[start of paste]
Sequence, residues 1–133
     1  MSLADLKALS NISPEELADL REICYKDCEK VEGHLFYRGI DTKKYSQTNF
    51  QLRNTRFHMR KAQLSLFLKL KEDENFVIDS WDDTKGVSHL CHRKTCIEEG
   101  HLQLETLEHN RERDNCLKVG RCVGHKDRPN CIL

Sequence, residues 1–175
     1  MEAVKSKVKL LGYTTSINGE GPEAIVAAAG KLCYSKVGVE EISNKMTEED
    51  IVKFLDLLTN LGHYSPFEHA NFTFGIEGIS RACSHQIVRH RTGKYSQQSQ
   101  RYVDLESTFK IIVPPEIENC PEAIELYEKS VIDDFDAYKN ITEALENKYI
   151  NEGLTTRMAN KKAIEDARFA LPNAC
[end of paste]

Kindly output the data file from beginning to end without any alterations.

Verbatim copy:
Sequence, residues 1–133
     1  MSLADLKALS NISPEELADL REICYKDCEK VEGHLFYRGI DTKKYSQTNF
    51  QLRNTRFHMR KAQLSLFLKL KEDENFVIDS WDDTKGVSHL CHRKTCIEEG
   101  HLQLETLEHN RERDNCLKVG RCVGHKDRPN CIL

Sequence, residues 1–175
     1  MEAVKSKVKL LGYTTSINGE GPEAIVAAAG KLCYSKVGVE EISNKMTEED
    51  IVKFLDLLTN LGHYSPFEHA NFTFGIEGIS RACSHQIVRH RTGKYSQQSQ
   101  RYVDLESTFK IIVPPEIENC PEAIELYEKS VIDDFDAYKN ITEALENKYI
   151  NEGLTTRMAN KKAIEDARFA LPNAC